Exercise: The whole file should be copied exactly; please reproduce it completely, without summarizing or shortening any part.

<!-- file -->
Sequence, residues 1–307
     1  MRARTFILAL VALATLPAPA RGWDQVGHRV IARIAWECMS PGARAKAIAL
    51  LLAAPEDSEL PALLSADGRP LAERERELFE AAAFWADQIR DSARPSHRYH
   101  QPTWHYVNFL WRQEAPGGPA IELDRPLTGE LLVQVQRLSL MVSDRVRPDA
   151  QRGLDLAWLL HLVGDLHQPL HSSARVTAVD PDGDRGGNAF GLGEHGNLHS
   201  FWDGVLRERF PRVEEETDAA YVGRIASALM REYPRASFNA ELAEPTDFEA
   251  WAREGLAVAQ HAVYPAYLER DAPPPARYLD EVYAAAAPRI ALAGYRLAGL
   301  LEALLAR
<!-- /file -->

Sequence, residues 1–307
     1  MRARTFILAL VALATLPAPA RGWDQVGHRV IARIAWECMS PGARAKAIAL
    51  LLAAPEDSEL PALLSADGRP LAERERELFE AAAFWADQIR DSARPSHRYH
   101  QPTWHYVNFL WRQEAPGGPA IELDRPLTGE LLVQVQRLSL MVSDRVRPDA
   151  QRGLDLAWLL HLVGDLHQPL HSSARVTAVD PDGDRGGNAF GLGEHGNLHS
   201  FWDGVLRERF PRVEEETDAA YVGRIASALM REYPRASFNA ELAEPTDFEA
   251  WAREGLAVAQ HAVYPAYLER DAPPPARYLD EVYAAAAPRI ALAGYRLAGL
   301  LEALLAR